He was a son of Childebert III. He succeeded his father as the head of the three Frankish kingdoms—Neustria and Austrasia, unified since Pippin's victory at Tertry in 687, and the Kingdom of Burgundy—in 711, at the age of twelve. Real power, however, still remained with the Mayor of the Palace, Pippin of Herstal, who died in 714. Pippin's death occasioned open conflict between his heirs and the Neustrian nobles who elected the mayors of the palace. As for Dagobert himself, the Liber Historiae Francorum reports he died of illness, but otherwise says nothing about his character or actions.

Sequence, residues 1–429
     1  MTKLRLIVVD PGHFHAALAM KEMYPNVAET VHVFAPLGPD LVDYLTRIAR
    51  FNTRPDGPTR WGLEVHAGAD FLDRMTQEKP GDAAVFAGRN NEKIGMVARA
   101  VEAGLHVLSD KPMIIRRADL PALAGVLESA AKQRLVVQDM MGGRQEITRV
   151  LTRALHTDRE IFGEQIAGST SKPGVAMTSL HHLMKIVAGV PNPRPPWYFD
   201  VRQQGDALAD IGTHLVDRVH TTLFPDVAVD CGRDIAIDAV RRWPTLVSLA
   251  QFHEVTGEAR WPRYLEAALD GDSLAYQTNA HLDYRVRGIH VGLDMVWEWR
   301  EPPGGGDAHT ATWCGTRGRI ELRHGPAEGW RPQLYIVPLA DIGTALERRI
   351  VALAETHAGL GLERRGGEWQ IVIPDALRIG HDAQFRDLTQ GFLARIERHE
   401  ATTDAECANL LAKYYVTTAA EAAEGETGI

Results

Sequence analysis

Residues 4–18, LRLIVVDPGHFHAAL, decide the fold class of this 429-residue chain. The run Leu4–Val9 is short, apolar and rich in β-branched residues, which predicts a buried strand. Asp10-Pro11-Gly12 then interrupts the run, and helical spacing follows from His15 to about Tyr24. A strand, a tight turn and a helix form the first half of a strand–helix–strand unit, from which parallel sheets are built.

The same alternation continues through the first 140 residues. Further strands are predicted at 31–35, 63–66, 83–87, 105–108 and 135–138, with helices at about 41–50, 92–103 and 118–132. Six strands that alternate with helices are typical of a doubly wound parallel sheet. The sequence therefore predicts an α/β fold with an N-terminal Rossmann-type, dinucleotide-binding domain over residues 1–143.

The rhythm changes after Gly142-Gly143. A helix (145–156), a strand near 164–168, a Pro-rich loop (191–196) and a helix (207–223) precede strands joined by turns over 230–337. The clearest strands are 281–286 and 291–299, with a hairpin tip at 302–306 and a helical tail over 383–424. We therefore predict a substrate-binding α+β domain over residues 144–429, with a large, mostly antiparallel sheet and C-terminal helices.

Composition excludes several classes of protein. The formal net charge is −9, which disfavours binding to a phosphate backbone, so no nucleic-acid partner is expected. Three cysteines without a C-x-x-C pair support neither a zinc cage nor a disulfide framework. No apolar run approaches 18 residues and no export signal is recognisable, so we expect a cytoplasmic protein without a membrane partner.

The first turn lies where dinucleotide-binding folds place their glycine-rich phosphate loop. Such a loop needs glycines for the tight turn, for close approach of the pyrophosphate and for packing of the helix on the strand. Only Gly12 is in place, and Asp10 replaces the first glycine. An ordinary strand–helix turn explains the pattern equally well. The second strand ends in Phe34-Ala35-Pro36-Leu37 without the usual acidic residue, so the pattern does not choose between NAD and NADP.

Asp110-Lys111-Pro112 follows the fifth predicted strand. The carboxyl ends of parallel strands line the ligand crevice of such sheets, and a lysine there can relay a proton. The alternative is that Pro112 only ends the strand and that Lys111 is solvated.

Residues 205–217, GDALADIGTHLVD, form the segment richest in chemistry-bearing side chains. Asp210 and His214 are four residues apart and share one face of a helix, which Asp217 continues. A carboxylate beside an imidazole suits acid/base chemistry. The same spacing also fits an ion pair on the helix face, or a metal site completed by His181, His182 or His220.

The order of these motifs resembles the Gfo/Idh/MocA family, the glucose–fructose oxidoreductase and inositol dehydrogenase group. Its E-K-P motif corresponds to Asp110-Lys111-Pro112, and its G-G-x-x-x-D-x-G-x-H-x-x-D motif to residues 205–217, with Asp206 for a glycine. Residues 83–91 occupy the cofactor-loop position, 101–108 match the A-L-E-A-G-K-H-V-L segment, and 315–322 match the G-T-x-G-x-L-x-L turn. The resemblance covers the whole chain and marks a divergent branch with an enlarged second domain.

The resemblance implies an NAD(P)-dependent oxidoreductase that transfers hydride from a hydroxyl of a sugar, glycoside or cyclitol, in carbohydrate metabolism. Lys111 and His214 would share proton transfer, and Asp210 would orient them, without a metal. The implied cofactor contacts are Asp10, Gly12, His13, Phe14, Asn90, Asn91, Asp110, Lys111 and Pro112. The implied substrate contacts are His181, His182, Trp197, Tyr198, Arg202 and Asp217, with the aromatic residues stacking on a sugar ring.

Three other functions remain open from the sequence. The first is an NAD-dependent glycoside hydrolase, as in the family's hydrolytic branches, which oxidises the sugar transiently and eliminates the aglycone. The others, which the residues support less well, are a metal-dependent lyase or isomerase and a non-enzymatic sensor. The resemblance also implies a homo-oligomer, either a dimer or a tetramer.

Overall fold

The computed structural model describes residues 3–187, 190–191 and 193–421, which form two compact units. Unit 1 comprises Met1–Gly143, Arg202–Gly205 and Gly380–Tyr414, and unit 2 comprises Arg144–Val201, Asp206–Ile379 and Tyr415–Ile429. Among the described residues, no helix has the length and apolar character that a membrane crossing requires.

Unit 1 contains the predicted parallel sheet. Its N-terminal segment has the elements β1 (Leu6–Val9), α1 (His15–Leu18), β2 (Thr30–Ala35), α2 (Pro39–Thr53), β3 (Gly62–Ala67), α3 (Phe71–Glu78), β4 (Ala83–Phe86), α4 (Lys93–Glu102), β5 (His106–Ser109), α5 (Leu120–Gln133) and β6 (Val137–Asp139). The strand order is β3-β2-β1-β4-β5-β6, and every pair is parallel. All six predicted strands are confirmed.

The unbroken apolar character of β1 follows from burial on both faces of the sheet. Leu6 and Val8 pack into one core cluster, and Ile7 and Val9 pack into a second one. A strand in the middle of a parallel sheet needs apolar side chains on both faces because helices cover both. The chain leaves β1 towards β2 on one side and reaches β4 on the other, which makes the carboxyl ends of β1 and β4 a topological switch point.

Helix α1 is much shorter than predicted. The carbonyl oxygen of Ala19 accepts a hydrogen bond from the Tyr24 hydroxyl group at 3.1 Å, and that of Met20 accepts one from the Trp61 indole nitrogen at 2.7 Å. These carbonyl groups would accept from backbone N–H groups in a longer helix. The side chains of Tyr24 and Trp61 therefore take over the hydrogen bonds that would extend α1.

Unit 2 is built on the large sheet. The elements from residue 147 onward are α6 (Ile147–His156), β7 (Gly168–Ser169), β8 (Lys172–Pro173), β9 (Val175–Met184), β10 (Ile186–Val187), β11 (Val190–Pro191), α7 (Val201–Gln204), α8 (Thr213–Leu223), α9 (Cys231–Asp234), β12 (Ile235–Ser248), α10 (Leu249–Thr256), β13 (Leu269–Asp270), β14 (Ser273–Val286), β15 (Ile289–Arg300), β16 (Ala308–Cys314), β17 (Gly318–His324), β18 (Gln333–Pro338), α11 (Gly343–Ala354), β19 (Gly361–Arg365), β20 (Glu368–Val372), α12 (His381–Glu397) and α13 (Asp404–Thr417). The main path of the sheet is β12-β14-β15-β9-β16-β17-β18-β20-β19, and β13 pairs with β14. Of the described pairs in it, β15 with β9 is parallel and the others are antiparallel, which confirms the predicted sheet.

While attention was focused on combatting the Frisians in the north, areas of southern Gaul began to secede during Dagobert's brief time: Savaric, the fighting bishop of Auxerre, in 714 and 715 subjugated Orléans, Nevers, Avallon, and Tonnerre on his own account, and Eudo in Toulouse and Antenor in Provence were essentially independent magnates.
- Monumenta Germaniae Historica, Scriptores rerum Merovingicarum, vol. II, pp. 324-326
Dagobert IIIBorn: 699 Died: 715
|King of the Franks